This week we reach back into the archives again. The post that follows was originally published on July 9, 2014. It was written by Julie Demoff-Larson and is titled “Preserving a Family Oral History.”
My father has this knack of storytelling that I wish I had inherited. Yes, I can spin a tale on paper, but his talent resides in the oral tradition. Many holidays and late night discussions around the dining table end with Dad captivating us with stories of his youth and that of my grandfather. As an adult, it is those stories of my grandfather that peek my interest the most. I often think of how much of his story has already been lost through the version my father tells. And there certainly are many facts that I cannot relate to my children. It becomes necessary to write down as much as is remembered, and as early as possible to carry on these stories.
So, how do we preserve a family’s history without having our ancestors here to fill in the missing information that is vital to the retelling of the story? Through research? Well, that all depends on what kind of research we are talking about. A writer can look to community archives to see how people lived during a specific era, but that doesn’t quite represent what has happened within an individual family. This reminds me of Jeanette Walls first two books. The first, The Glass Castle, is a memoir of her childhood looking back at her parent’s dysfunction and mental illness. Nothing is lost because it is her story. In her second book, Half Broke Horses, Walls labels it as a “true-life novel” based on her grandmother. Walls initially intended it to be a biography, but soon realized there were too many gaps to fill in the story. So, the question becomes is it better to write a family oral history as fiction, or maybe as a hybrid between fiction and nonfiction?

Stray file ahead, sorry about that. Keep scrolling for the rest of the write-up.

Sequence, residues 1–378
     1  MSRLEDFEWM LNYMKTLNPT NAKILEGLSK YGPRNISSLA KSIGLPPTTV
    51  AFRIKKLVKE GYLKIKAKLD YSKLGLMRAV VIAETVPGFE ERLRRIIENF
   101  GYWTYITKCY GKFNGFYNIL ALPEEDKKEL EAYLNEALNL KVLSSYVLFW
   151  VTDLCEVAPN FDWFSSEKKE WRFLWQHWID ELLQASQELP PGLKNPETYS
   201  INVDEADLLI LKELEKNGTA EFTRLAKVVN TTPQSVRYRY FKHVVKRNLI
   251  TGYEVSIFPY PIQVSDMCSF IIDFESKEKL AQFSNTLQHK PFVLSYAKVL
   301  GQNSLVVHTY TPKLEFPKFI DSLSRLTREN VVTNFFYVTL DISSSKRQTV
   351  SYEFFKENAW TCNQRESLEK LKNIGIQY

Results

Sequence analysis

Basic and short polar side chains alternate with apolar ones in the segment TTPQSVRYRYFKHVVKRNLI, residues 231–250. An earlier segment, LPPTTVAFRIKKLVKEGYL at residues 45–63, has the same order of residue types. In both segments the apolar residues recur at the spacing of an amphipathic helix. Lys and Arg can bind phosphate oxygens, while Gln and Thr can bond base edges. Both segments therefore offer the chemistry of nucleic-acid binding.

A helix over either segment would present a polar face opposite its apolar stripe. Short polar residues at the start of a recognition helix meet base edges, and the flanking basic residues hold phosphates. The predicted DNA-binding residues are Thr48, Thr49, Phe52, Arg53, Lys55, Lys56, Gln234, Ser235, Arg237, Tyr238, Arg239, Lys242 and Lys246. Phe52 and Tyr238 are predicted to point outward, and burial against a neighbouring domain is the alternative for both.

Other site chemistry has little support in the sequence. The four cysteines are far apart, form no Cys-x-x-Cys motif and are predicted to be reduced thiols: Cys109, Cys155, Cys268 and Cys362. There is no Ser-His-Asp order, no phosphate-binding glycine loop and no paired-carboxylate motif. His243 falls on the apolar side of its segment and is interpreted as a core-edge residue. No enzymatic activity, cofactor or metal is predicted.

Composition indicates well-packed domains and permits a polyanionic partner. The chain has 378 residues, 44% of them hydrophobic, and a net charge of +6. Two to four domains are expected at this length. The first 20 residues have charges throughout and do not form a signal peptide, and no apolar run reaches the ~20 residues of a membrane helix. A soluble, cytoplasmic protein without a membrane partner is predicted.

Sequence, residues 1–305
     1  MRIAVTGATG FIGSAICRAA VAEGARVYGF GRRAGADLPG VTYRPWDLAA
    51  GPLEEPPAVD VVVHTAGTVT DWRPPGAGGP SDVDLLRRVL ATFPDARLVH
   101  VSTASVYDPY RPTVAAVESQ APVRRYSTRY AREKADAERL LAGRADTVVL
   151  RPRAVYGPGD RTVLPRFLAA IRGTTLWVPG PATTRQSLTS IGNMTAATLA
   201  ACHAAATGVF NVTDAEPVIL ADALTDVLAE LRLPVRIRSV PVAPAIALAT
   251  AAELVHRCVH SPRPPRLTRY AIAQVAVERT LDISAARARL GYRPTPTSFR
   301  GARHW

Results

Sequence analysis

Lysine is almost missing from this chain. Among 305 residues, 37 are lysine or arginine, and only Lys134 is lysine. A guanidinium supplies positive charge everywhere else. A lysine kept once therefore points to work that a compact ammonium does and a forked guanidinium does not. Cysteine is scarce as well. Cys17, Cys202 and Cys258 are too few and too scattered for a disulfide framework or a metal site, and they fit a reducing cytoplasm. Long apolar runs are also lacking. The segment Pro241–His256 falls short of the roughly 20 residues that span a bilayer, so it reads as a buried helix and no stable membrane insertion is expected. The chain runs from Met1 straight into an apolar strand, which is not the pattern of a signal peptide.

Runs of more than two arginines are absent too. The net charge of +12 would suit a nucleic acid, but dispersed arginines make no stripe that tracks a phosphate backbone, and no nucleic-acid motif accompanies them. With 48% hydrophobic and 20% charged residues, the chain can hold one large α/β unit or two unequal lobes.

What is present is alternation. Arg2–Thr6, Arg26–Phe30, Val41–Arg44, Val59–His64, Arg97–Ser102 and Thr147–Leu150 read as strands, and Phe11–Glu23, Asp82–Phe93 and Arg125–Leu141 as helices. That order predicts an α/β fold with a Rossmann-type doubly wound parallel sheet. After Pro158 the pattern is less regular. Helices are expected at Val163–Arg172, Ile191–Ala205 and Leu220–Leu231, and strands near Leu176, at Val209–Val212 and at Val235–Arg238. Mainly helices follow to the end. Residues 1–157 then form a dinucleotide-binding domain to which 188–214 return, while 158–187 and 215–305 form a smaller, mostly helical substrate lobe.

A biography can be restricting because the audience expects the reading to be based on fact, including time and setting. This is extremely hard to accomplish because it is speculative. Capturing emotion, personalities, and drama on the page requires flexibility. We all know there is some give in creative non-fiction when it comes to enhancing language to create depth, but it does not allow for grand embellishment that creates new scenarios within the story — that would be fiction.
Advice to those wanting to record the oral history of your family: write down what you know, what you can find out, and research community archives for customs and norms, and then combine with your imagination.